Probably the most recently publicized example of the revolving door between the Department of Defense and private industry and the prevalence of the military-industrial-congressional complex in the Department’s planning and procurement processes, is its ‘mentorship’ program. In its most recent story in a series exposing this program, USA TODAY reported that the Air Force allowed a retired general officer who was then-serving as an executive in The Boeing Company to participate as a ‘mentor’ in a war game involving the aerial refueling tanker that Boeing was at the same time competing to build for the Air Force under a multibillion dollar procurement program. Over the last two years, I have exercised keen oversight of the mentorship program, which I understand has been essentially shut down under the weight of newly promulgated public disclosure requirements – in other words, former general and flag officers serving as Department ‘mentors’ preferred to exit the program rather than publicly disclose their corporate affiliations and compensation.
The aspect of the military-industrial-congressional complex I would like to focus on today relates to how the Pentagon buys its very largest weapons systems. That covers the top 100 or so of the Defense Department’s weapons procurement programs – into which taxpayers have invested to date about $1.7 trillion (that’s ‘T’ for trillion). In particular, I would like to focus on how the military-industrial-congressional complex has kept even some of the most poorly-performing programs funded – siphoning-off precious resources even while they go over-budget, face years of schedule delays and fail to deliver promised capability to the warfighter.
To be clear, the military-industrial-congressional complex does not cause programs to fail. But, it does help create poorly-conceived programs – programs that are so fundamentally unsound that they are doomed to be poorly executed. And, it does help keep them alive – long after they should have been ended or restructured.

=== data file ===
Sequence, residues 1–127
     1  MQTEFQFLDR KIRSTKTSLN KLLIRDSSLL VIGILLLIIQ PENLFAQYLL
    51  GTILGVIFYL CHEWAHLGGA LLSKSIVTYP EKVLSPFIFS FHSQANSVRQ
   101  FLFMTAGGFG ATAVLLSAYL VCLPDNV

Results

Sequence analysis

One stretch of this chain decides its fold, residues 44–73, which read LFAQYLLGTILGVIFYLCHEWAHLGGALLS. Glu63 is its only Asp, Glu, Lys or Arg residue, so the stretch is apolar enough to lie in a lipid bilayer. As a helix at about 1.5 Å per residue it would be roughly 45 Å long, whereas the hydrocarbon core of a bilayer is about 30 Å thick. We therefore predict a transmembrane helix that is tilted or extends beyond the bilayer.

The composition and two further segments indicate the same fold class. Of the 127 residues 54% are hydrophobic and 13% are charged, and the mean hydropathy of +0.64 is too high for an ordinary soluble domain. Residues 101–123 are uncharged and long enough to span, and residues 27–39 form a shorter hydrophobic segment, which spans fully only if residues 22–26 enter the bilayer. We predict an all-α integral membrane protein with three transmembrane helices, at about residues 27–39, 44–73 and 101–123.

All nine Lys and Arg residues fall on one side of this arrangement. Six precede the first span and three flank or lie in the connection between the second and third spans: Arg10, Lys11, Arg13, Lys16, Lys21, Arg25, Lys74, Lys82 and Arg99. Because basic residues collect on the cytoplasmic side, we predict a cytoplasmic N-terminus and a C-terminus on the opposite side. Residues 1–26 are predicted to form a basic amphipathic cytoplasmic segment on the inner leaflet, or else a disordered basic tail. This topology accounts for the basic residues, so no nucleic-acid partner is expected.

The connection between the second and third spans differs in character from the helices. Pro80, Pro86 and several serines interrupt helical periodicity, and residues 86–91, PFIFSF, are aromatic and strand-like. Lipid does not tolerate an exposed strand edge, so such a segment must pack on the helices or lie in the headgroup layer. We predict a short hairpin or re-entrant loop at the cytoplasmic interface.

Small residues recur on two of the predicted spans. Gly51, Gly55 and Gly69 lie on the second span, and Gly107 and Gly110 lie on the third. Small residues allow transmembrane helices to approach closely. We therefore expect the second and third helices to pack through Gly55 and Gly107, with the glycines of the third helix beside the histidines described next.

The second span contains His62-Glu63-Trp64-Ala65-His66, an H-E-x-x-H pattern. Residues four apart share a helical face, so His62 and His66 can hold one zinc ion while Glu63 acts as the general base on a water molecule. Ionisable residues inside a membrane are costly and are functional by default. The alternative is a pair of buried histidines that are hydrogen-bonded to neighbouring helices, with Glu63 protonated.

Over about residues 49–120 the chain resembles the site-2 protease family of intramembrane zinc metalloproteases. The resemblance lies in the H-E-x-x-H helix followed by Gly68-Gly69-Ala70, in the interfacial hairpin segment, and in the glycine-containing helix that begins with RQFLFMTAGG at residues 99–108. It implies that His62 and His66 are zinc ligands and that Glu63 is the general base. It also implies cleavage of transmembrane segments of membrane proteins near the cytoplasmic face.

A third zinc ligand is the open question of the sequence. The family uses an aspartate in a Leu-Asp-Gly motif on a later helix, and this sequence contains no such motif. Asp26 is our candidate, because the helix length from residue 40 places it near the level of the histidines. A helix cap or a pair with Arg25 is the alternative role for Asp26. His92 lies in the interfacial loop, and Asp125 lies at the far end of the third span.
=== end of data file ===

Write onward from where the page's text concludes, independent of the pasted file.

By ‘poorly conceived,’ I mean major programs that are allowed to begin despite having insufficiently defined requirements; unrealistic cost or schedule estimates; immature technology or too much manufacturing and integration risk; or unrealistic performance expectations. By ‘poorly executed,’ I am referring to programs that poorly perform because of, among other things, unanticipated design, engineering, manufacturing or technology problems. These sorts of programs should either never have been started to begin with or should have been significantly restructured or terminated at the end of the day. And yet, through the influence of the military-industrial-congressional complex, they are allowed to enter the defense procurement process and to persist – often under guise of a ‘concurrent development’ acquisition strategy and executed under ‘cost-plus’ contracts.
Specifically, the military-industrial-congressional complex helps ensure that poorly-conceived programs get on rails – and stay there – with ‘production money’ when they are supposed to still be in development. And, for Industry and many of their sponsors in the Pentagon and on the Hill, that’s desirable because it is far more difficult to restructure or terminate a production program – even one that’s performing poorly – than one that’s in development. In the military-industrial-congressional complex, if excessive concurrency is a drug, then the cost-plus contracts used to facilitate it are its delivery vehicles.